Truckers strike pushes up commodity prices in Delhi, other parts of country

January 7th, 2009 - 2:40 pm ICT by ANI  

New Delhi, Jan 7 (ANI): A nationwide strike by tens of thousands of truckers entered its third day on Wednesday, pushing the prices of vegetables and fruits up mildly in New Delhi.
Although the impact of the strike was not felt much in Delhi on Tuesday, vegetable traders said prices have slightly gone up at the Azadpur Market.
“The strike has led to a hike in the prices of the vegetables,” said Ashok Kumar, a vegetable trader.
The strike has also affected the livelihood of the labourers employed by traders at Azadpur market for loading and unloading sacks of vegetables and fruits.
Due to the strike, the number of trucks coming into the market has reduced, leaving the laborers with less work.
“The strike has affected our livelihood. Earlier, we used to get enough work, but these days there is less work,” said Surender Yadav, a labourer.
On Tuesday, Union Shipping and Road Transport Minister T. R. Baalu appealed to the transporters to call off their strike and opt for a negotiated settlement.
“I can only request the transporters to currently withdraw the strike and go for negotiable settlement,” said Baalu.
In this context, Baalu said that the oil sectors have incurred losses that need to be compensated.
“The oil sectors have suffered loss for the past four to five years. The accumulated loss they have to recover, but they cannot recover overnight. And you cannot expect overnight industry reduce also,” added Baalu.
The All India Motor Transport Congress, which represents around six million truckers across the country called for the indefinite strike from Monday, demanding reduction of diesel prices and withdrawal of the service tax on truckers.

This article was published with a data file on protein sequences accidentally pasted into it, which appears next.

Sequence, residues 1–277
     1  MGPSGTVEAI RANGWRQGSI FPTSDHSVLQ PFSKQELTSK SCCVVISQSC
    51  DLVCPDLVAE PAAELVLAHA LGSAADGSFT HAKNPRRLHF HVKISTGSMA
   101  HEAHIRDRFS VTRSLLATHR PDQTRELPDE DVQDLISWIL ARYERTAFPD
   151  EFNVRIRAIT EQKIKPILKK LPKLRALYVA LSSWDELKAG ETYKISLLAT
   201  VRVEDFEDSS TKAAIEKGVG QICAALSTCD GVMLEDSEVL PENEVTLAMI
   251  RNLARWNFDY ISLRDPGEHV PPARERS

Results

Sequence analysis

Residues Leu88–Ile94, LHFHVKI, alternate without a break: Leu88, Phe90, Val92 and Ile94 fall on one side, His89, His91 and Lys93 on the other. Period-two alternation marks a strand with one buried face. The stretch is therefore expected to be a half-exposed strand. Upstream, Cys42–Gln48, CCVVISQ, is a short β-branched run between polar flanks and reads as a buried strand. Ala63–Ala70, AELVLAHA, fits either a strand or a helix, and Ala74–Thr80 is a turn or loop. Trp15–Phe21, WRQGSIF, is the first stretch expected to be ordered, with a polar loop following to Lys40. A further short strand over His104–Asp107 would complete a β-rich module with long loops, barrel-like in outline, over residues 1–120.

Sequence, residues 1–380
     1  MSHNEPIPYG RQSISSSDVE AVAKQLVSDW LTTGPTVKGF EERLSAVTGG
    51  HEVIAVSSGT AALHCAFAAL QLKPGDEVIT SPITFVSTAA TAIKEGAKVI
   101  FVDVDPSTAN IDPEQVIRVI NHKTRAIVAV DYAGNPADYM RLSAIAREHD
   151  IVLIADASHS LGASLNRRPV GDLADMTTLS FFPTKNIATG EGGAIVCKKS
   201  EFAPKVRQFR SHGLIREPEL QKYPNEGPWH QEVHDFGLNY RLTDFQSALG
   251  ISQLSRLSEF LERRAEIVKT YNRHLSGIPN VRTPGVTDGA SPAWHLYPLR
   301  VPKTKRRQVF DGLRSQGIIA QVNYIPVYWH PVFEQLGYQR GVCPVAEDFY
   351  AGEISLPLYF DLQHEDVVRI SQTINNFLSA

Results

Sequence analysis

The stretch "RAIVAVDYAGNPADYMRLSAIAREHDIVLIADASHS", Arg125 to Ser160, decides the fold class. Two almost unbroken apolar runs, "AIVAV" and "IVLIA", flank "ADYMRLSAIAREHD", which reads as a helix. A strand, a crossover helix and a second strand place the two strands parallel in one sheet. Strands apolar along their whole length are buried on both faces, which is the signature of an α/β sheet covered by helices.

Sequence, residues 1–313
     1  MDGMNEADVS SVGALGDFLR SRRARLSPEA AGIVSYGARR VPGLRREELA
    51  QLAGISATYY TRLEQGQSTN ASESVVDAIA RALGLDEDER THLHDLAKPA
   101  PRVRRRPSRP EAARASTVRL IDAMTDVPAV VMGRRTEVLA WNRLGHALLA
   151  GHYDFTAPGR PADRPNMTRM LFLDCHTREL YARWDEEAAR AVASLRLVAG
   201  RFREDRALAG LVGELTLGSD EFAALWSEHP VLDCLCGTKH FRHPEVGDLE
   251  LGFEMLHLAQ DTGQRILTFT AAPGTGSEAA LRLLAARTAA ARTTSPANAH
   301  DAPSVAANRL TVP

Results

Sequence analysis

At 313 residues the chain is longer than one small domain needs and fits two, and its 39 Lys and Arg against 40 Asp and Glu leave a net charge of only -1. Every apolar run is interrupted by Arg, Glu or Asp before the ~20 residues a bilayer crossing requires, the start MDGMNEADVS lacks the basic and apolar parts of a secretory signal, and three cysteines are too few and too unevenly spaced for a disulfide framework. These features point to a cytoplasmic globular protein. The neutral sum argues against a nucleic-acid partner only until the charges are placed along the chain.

The truckers have vowed to stay off the roads until their demands are met.
Reportedly, consequent to the call for the strike, there was about 10-20 per cent of normal freight traffic in India on Monday, the transport authorities said.
Over 70 per cent of freight in India moves by road, and truckers have benefited from a booming economy that requires the transport of steel and cement for construction. But the country’’s 200,000 transport companies have been hit in recent months by a slowing economy, higher interest rates on vehicle loans and greater competition from the railways. India cut prices of petrol and diesel on December 6 after crude oil tumbled, but the economy, has shown signs of slowing amid the global financial crisis after growing at nine per cent or more in the past three years. Inflation is at a near ten-month low and the truckers” strike is not expected to have any long-term adverse impact. (ANI)

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